As financial inclusion gathers momentum, there is an urgent need to enhance POS acceptance infrastructure in India. India still has one of the lowest number of POS terminals (per million people) in the world. According to the report, penetration of POS terminals is only 693 per million of India’s population, compared to similar emerging countries such as Brazil, which has 32,995 terminals per million people and China and Russia, each of which has around 4000 terminals per million people. India’s POS landscape is characterized by a large skew in favor of urban locations-more than 70% of the POS terminals are installed in the top 15 cities contributing to over 75% of the total volumes at POS. Moreover, only 1.1 million of the more than 10 million retail touch points have POS installed for electronic payments acceptance. Technology will play an important role with the implementation of new POS capabilities. Large urban retailers seek technologies like Mobile POS (Mpos) which help them in “line-busting” whereas the smaller merchants seek a cheap and easy-to-use solution like a card-reader attached to a phone. Rural merchants on the other hand are likely to adopt biometric POS terminals, which enables them to accept Aadhaar enabled debit cards that are likely be issued in large numbers for financial inclusion. As per the report, there could be close to 3.5 million POS in the next five years if necessary initiatives and actions are taken to increase the POS penetration.
Evolving payment ecosystems – shared services models for inclusion and growth
The report states that to enhance their reach, banks are introducing payment ecosystems that work across organizational boundaries to deliver innovative payment services. The report discusses 7 different models of shared services that Banks are leveraging aimed at acquiring, engaging and retaining customers. EY estimates the overall opportunity for shared services like business correspondents at around INR567 billion per year in the next 2-3 years and an overall revenue opportunity of INR16 billion per year for POS-related shared services by 2018 at the present rate of growth in card-related transactions and merchant terminals.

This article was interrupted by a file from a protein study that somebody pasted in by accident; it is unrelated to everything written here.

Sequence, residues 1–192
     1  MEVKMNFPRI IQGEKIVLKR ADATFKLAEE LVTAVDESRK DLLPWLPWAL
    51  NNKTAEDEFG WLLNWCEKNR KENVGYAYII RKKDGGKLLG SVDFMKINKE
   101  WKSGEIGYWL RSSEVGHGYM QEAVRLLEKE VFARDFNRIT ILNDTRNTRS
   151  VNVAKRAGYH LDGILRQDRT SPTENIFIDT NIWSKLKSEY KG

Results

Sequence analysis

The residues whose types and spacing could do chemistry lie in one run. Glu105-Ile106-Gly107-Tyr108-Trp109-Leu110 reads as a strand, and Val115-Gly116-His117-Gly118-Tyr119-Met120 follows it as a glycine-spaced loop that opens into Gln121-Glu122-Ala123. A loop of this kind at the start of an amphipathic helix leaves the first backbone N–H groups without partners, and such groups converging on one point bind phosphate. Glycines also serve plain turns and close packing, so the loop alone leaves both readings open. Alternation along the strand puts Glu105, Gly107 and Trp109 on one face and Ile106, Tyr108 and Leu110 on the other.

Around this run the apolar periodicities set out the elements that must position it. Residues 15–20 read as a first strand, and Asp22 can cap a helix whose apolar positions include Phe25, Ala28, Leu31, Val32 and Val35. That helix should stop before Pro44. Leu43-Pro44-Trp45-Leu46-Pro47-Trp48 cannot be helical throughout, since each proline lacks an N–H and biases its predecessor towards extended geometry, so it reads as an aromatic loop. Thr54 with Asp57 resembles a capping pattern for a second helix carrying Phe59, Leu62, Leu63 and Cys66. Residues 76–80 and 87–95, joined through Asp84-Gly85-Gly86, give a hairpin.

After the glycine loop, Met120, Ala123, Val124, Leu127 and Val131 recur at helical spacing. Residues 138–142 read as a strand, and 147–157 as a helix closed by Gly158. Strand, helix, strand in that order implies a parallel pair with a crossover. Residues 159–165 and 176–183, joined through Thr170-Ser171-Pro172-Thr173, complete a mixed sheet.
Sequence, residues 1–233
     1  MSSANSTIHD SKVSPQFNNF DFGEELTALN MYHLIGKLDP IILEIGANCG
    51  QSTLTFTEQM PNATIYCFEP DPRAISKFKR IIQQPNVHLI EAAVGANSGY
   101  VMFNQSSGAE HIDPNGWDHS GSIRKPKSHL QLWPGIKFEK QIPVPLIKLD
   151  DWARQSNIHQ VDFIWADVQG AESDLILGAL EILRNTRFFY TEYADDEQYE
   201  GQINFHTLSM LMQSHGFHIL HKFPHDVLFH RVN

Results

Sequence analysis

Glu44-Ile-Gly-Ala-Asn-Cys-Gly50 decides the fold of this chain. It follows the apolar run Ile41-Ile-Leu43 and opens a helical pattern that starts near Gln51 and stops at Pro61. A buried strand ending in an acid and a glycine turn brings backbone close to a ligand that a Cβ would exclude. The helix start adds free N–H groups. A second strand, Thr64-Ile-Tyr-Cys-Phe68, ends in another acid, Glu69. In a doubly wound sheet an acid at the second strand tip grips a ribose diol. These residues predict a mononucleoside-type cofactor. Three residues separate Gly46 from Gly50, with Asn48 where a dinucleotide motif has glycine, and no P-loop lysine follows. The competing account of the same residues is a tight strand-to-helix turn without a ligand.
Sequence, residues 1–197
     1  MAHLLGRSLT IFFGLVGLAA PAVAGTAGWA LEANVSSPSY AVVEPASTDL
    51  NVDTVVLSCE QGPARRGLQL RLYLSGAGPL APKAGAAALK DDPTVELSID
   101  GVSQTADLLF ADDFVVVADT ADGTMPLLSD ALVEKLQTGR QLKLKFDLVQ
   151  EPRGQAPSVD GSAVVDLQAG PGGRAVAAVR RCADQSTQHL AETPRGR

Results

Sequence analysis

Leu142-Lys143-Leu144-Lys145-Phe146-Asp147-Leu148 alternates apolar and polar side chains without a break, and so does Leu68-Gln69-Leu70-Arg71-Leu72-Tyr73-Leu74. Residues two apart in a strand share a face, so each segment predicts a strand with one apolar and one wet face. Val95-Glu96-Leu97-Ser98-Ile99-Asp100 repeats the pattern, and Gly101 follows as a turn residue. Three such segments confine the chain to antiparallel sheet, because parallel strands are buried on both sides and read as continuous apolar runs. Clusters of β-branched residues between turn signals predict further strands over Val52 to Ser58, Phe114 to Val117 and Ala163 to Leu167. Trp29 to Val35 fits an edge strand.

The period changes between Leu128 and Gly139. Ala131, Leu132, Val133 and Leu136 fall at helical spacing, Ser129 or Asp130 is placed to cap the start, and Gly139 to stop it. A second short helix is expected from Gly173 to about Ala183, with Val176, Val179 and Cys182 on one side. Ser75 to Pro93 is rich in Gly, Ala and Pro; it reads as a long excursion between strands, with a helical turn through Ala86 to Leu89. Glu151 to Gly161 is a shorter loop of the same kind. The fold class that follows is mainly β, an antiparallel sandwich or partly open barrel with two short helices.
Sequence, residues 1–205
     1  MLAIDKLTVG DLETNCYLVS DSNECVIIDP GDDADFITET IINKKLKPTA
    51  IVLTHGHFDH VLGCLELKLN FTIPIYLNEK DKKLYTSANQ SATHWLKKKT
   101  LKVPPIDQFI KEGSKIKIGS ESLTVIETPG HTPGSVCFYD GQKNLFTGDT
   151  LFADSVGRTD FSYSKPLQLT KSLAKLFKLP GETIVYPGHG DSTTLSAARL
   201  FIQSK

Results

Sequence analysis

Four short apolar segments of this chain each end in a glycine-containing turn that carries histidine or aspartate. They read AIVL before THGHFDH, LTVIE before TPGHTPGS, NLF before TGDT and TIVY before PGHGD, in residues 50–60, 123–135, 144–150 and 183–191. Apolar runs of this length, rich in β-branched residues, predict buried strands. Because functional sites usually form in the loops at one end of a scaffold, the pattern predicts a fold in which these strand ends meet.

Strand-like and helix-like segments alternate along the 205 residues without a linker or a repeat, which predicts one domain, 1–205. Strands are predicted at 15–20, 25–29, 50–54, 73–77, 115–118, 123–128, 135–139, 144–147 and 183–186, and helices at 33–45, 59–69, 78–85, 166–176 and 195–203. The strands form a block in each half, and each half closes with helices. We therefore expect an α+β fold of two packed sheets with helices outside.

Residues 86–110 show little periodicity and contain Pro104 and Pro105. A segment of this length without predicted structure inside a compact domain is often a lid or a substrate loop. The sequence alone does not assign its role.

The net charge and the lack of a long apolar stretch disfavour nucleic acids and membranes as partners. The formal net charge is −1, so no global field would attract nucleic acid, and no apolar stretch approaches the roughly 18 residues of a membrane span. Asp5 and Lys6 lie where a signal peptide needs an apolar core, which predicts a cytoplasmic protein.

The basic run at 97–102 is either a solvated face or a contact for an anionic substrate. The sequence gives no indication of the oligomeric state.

Pathways to excellence — the transformation agenda for banks
Changing consumer behavior, the increasing urgency of financial inclusion and ubiquitous mobile telephony are powerful external factors that will transform the Indian payments industry over the next 10 years. In the last decade, India has witnessed significant achievements in its efforts to migrate from traditional payment methods through cash to modern electronic payment systems. In 2012 the percentage of non-paper based payments transactions was 48% up from 27% in 2008. While there has been significant progress made on various parameters, a lot still needs to be done in the next few years. According to the report, India is at an interesting point in its payments journey wherein the foundation is laid, but its future growth will depend on innovation in products, business models, consumer interfaces, security and infrastructure under the umbrella of enabling regulations.
Cashless in India – Government imperatives to promote electronic payments
From taxes to social welfare benefits, the Government of India cumulatively receives and disburses billions of rupees to and from its citizens. The Interbank Mobile Payment Service and Aadhaar Enabled Payment System platforms have the potential to integrate the payment systems of various Government to Public (G2P) schemes and enable mobile phones to be used as front-end technology instruments states the report.
By digitizing this flow of money, the Government can lead a strategic shift from the high dependence on cash to a more efficient, electronic payment system, which leverages online and mobile channels to cut costs and bring social benefits to millions.
The establishment of a strong payment and settlement framework and associated enabling institutions has aided a conducive environment for financial inclusion in India.